Part 1: “It’s All Complicated…”
The Future is Technology! - this mantra that has been around for over a decade is fast proving to be more than just wishful thinking by bespectacled, computer geeks. Technology is revolutionizing every aspect of life; hardly is there an industry today that is not benefitting from the advancement of technology. Retail, customer service, health delivery, recruitment, law, are some of the erstwhile human-led industries that are prudently deploying various technologies. Artificial intelligence, machine learning, and data science have become lucrative solutions to improve efficiency, increase productivity, optimise processes, provide recommendations, and foster collaboration
The major development in technology is happening within the startup landscape where more small and medium scale businesses are springing up across the world at an increasing rate. Yet, the digital startup ecosystem is highly gender imbalanced where women are greatly under-represented among digital entrepreneurs. For example, according to the World Economic Forum’s & SAP’s 2020 report, in 2018 Europe had six women entrepreneurs (tech and non-tech) for every 10 men – the lowest ratio among the global regions. The disparity was even greater in tech – only 5% of Europe’s tech founders were female.
The history of data shows mostly men in a leadership seat. Whereas, the latest special report on women and entrepreneurship suggests that significant work remains to be done to encourage and support women entrepreneurs and their ability to build economic security for themselves, their families, their communities, and their countries.
And that is where WaiACCELERATE comes in. This is a novel business acceleration program by Women in AI, targeting women innovators looking to start a business in the fields of AI, Machine Learning and Data Science. With a focus on promoting ethical leadership, WaiACCELERATE has designed various modules and programs aimed at increasing the number of female-led innovative startups that use AI and are committed to the attainment of the Sustainable Development Goals 2030. To learn more about WaiACCELERATE, please read the second part of this article – “The WaiACCELERATE Method!”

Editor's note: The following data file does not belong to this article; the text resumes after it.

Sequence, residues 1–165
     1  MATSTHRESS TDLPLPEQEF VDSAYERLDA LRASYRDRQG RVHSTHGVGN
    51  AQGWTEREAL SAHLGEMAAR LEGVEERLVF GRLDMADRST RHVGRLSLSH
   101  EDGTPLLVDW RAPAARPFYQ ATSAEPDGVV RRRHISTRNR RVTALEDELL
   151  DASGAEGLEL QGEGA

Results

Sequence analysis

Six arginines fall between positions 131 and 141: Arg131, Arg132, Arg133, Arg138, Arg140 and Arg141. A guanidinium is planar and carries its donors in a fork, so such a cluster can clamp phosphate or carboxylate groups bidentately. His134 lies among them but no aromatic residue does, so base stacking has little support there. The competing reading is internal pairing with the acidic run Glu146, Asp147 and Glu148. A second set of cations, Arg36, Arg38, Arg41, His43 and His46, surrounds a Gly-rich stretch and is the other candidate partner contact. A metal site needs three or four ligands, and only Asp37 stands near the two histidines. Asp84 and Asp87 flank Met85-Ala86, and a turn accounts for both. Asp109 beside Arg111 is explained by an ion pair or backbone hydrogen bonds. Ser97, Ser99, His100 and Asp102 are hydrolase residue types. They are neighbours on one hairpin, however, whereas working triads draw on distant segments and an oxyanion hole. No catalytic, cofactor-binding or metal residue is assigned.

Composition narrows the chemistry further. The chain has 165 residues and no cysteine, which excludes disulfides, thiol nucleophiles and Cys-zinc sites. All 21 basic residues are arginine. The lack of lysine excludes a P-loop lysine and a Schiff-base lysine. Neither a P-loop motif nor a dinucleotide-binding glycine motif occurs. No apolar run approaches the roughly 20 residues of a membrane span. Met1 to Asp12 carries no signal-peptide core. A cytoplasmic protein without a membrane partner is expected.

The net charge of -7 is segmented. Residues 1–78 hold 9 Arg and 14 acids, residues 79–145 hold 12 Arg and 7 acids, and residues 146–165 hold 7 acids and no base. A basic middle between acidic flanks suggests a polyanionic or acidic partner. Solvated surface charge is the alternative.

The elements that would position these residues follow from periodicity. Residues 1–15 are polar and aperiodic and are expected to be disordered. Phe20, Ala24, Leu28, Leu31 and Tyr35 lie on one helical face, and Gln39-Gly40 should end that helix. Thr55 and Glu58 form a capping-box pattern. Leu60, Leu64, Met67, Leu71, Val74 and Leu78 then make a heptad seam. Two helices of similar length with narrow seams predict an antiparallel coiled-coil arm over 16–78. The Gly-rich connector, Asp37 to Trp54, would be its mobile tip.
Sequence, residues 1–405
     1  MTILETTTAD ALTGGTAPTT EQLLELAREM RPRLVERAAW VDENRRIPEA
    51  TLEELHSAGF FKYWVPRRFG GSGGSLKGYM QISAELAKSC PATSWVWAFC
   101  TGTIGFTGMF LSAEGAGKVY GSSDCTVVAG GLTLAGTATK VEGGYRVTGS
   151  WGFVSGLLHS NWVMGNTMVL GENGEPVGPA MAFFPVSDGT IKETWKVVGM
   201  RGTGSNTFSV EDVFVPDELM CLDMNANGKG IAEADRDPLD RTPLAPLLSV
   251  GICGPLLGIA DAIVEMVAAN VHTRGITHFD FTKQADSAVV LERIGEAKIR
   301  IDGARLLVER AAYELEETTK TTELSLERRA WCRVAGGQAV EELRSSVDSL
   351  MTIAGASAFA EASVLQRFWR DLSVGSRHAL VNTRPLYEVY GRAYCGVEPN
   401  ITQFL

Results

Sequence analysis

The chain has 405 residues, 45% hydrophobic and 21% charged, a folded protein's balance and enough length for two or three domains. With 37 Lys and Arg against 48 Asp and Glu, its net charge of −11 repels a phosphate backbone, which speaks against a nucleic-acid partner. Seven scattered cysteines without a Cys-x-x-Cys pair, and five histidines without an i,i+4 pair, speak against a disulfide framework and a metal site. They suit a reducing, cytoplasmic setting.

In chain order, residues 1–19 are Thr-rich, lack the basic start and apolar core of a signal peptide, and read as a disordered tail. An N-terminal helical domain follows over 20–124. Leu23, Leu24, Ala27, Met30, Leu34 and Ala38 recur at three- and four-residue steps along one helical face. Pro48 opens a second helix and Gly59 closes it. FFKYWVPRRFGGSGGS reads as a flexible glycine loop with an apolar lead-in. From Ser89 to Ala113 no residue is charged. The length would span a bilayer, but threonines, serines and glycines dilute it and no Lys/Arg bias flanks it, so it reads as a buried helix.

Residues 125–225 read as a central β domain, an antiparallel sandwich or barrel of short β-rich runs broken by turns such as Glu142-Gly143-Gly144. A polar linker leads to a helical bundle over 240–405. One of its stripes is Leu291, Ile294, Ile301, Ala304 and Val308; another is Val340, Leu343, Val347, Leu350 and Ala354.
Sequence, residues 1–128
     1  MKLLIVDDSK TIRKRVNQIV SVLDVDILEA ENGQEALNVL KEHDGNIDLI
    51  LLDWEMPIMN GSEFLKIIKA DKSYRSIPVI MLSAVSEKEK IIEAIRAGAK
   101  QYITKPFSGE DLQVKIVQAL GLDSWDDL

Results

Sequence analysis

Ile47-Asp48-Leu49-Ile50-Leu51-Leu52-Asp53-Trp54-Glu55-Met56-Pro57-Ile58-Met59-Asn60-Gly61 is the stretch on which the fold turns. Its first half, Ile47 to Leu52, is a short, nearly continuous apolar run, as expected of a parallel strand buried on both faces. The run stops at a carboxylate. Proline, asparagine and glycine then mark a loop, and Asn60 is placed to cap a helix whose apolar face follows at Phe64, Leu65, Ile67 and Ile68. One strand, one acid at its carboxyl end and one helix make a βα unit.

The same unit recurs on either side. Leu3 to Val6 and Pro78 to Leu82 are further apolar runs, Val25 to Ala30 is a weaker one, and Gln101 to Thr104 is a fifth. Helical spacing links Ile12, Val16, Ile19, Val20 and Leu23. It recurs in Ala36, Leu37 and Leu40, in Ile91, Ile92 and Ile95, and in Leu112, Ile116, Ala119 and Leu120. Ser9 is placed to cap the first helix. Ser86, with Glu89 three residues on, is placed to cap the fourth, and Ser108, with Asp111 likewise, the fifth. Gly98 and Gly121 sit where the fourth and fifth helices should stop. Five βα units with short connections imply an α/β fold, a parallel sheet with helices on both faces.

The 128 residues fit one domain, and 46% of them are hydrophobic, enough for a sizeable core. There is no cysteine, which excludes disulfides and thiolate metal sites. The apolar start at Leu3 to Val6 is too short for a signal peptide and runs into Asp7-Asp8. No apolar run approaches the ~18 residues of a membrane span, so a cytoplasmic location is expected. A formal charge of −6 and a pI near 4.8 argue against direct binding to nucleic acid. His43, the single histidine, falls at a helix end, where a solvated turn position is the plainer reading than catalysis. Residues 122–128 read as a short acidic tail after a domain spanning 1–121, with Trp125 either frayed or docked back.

WOMEN ENTREPRENEURSHIP GLOBAL TRENDS & STATISTICS
In this blog post, let’s look into the current gender state of entrepreneurship and the limiting factors for women to become more active in the ecosystem. The 2019/2020 Global Entrepreneurship Monitor Report reveals that:
Total Entrepreneurial Activity: Globally, the Total Entrepreneurial Activity (TEA) rate for women is 10.2%, approximately three-quarters of that seen for men. Low-income countries show the highest rates of women’s TEA at 15.1%. Low-income countries report the smallest TEA gender gap, in which women’s TEA is over 80% of that of men. Women’s TEA rate drops to 8.1% for high-income countries with a corresponding TEA gender gap of slightly more than two-thirds that of men. The highest rates of TEA for women are found in sub-Saharan Africa (21.8%) and Latin America (17.3%). The lowest rates are found in Europe (6%) and MENA regions (9%).
The gender gap: The gender gap for entrepreneurial intentions is closest to parity in low-income countries at 86% women-to-men ratio, increasingly substantial for middle-income and high-income countries with a gap of 26%.
Intentions to start a business: The global average for women’s intentions to start a business within the next three years is 17.6%, only about four points less than for men. The highest rates of women’s entrepreneurial intentions are found among low-income countries (37.8%), followed by middle-income (21.3%) and high-income countries (12.6%). The highest rates of women’s entrepreneurial intentions were reported in MENA (36.6%). The lowest rates were reported by women in Europe (8.5%).
Industry: Globally, 53.4% of women’s TEA is in wholesale/retail trade compared to 43.5% of men’s activity. Women entrepreneurs are more likely to be present in government/health/education and social services. The largest gender gaps are in agriculture, mining, and information and communications technology (ICT), where men entrepreneurs are more than twice as likely as women to operate.